- Esoteric practices, also known as taimitsu (台密).
- Precepts, in particular the Bodhisattva Precepts.
In addition, sutras from each of these schools are revered, chanted and studied in Tendai.
The Doctrine of Original EnlightenmentEdit
Stone holds that:
In the early decades of the twentieth century, Buddhologist Shimaji Daito (1875–1927) introduced to the Japanese academic world a new interpretive category, which he called "original enlightenment thought" (Jpn. hongaku shiso). By this term he meant, in general, those strands of Buddhist thought, most prominent in East Asia and especially in Japan, that regard enlightenment or the ideal state as inherent from the outset and as accessible in the present, rather than as the fruit of a long process of cultivation. More specifically, Shimaji used "original enlightenment thought" to designate the intellectual mainstream of medieval Japanese Tendai Buddhism. In this medieval Tendai context, "original enlightenment thought" denotes an array of doctrines and concepts associated with the proposition that all beings are enlightened inherently. Not only human beings, but ants and crickets, mountains and rivers, grasses and trees are all innately Buddhas. The Buddhas who appear in sutras, radiating light and endowed with excellent marks, are merely provisional signs. The "real" Buddha is the ordinary worldling. Indeed, the whole phenomenal world is the primordially enlightened Tathāgata.
Tendai and Pure Land BuddhismEdit
Practices related to and veneration of Amitābha and his Sukhavati in the Tendai tradition began with Saichō's disciple, Ennin. After journeying to China for further study and training, he brought back a practice called the "five-tone nembutsu" or goe nenbutsu (五会念仏), which was a form of intonation practiced in China for reciting the Buddha's name. This contrasted with earlier practices in Japan starting in the Nara period, where meditation on images of the Pure Land, typically in the form of mandala, were practiced.
However, both meditation on the Pure Land (kansõ nenbutsu 観想念仏) and recitation of the Buddha's name (shōmyō nenbutsu 称名念仏) became an integral part of Pure Land practices in the Tendai tradition. In addition to the five-tone nembutsu brought back from China, Ennin also integrated a special monastic training program called the jōgyō zanmai (常行三昧 "Constantly Walking samadhi") originally promulgated by Zhiyi. In this practice, monks spend 90 days in retreat, circumambulating a statue of Amitābha constantly reciting his name.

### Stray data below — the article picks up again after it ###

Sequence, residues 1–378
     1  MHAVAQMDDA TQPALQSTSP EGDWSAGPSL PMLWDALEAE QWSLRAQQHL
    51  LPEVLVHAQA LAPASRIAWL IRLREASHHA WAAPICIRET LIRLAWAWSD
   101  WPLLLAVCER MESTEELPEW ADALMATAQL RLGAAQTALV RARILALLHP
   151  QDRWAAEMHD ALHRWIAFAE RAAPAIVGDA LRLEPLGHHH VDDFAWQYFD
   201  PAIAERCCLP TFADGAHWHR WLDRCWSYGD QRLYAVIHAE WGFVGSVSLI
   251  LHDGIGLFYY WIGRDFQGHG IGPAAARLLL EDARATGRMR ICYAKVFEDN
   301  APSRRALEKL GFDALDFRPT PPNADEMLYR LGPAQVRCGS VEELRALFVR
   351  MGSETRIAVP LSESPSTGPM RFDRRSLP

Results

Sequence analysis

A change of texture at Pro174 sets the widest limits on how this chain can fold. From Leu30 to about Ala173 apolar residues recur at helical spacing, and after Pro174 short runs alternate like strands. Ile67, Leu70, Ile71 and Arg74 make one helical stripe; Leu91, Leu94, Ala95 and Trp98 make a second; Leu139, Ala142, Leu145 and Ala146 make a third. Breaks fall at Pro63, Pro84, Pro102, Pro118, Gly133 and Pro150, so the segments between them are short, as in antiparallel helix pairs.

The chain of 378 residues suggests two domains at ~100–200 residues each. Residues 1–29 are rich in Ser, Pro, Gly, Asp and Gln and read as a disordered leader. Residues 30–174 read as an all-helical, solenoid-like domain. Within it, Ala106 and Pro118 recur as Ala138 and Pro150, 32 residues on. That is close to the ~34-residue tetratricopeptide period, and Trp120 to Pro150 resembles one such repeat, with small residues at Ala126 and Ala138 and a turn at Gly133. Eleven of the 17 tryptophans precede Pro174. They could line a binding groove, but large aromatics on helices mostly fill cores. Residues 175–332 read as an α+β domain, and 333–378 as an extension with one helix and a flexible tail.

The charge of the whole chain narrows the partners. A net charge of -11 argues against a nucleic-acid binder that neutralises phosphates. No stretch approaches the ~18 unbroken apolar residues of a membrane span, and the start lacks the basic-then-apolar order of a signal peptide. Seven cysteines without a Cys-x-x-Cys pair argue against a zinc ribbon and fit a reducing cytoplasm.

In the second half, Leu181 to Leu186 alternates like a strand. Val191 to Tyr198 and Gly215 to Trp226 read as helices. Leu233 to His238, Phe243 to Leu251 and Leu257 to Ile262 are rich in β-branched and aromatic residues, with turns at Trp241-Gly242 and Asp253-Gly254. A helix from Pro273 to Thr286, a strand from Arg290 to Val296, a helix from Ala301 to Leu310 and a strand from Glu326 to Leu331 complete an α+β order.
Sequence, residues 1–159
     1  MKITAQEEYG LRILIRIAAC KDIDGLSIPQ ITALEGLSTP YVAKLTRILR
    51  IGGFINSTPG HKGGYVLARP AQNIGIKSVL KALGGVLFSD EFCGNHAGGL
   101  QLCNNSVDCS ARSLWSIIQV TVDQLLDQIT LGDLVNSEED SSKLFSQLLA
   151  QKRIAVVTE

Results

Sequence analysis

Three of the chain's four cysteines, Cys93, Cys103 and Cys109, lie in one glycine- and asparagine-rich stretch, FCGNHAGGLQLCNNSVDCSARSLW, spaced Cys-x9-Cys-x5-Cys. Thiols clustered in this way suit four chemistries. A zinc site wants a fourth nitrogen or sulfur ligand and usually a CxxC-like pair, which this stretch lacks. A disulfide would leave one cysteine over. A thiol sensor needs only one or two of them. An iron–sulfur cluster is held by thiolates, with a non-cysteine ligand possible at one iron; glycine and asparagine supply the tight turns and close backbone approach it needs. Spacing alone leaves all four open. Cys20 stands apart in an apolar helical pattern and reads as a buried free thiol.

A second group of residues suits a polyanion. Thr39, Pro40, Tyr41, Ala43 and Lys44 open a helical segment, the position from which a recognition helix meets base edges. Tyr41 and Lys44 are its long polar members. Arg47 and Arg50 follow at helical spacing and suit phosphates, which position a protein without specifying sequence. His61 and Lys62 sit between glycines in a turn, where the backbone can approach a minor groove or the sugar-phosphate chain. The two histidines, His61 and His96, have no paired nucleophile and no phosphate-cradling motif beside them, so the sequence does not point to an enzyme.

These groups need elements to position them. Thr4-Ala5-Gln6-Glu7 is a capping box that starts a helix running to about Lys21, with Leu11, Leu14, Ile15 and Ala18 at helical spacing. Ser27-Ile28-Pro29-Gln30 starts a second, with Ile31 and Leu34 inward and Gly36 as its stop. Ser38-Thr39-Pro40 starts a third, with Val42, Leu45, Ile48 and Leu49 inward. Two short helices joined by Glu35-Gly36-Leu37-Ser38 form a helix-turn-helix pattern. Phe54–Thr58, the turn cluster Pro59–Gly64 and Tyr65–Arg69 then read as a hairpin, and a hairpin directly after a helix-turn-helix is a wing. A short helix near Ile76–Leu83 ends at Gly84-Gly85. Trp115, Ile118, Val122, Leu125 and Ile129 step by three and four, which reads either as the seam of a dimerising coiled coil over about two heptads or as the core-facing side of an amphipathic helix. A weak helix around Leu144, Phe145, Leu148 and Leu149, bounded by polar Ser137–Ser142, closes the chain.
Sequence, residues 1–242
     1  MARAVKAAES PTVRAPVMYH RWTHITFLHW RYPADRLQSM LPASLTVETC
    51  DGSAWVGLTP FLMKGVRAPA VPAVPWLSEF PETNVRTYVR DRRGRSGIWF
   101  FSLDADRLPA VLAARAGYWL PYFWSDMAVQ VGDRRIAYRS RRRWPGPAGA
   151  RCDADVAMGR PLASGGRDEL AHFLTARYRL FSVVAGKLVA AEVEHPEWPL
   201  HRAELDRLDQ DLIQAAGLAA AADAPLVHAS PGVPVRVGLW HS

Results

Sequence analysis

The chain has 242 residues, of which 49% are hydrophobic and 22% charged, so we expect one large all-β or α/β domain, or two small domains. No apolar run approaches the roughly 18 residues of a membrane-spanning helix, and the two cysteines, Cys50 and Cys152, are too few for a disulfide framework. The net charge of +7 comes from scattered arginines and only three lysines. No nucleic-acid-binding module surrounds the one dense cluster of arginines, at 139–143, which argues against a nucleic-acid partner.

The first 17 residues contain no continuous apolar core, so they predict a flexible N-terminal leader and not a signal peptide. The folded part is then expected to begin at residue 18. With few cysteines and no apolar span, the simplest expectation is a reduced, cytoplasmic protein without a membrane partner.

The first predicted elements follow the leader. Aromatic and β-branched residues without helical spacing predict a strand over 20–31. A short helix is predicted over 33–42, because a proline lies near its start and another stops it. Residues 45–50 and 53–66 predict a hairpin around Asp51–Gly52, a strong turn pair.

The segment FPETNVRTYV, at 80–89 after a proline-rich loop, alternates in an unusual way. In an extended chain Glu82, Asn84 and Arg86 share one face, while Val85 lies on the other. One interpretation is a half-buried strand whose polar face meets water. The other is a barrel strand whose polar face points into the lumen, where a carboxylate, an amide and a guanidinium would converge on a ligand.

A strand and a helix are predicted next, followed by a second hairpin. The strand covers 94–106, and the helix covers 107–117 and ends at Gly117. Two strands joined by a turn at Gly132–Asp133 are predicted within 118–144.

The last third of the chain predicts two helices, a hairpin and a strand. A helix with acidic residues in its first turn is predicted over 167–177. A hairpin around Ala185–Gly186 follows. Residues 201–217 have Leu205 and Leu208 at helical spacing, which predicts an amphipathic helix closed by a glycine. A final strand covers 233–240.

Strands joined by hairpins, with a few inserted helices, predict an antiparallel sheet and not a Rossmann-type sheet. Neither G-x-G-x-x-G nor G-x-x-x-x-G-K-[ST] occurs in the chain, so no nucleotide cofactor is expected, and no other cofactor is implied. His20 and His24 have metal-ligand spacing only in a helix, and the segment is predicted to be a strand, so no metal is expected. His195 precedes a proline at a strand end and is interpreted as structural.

In addition to increasing monastic practices related to the Pure Land, monks also taught Pure Land practices to the lay community in the form of reciting the Buddha's name. The most famous of these nenbutsu hijiri (念仏聖 "Itinerant Pure Land teachers") was a monk named Kūya (空也, 903-972).
Pure Land Buddhist thought was further developed by a Tendai monk named Genshin (源信, 942-1017) who was a disciple of Ryōgen, the 18th chief abbot or zasu (座主) of Mount Hiei. Genshin wrote a influential treatise called Ōjōyōshū (往生要集, "The Essentials of Rebirth in the Pure Land"), which vividly contrasted the Sukhavati Pure Land of Amitābha with the descriptions of the hell realms in Buddhism. Further, Genshin promoted the popular notion of the Latter Age of the Dharma, which posited that society had degenerated to a point when they could no longer rely on traditional Buddhist practices, and would instead need to rely solely on Amitābha's grace to escape saṃsāra. Genshin drew upon past Chinese Pure Land teachers such as Daochuo and Shandao.
Finally, Pure Land practices in Tendai were further popularized by former Tendai monk Hōnen, who established the first independent Pure Land school, the Jōdo-shū, and whose disciples carried the teachings to remote provinces in one form or another. This includes another ex-Tendai monk named Shinran, who eventually established the related Jōdo Shinshū.
Tendai and Esoteric BuddhismEdit
One of the adaptations by the Tendai school was the introduction of esoteric ritual into Tendai Buddhism, which was later named Taimitsu "Tendai Esotericism" (台密), distinguishing it from the Shingon Buddhist esoteric lineage known as Tōmitsu "Eastern Esotericism" (東密). Eventually, according to Taimitsu doctrine, the esoteric rituals came to be considered of equal importance with the exoteric teachings of the Lotus Sutra. Therefore, by chanting mantras, maintaining mudras, or performing certain meditations, one is able to see that the sense experiences are the teachings of Buddha, have faith that one is inherently an enlightened being, and one can attain enlightenment within this very body.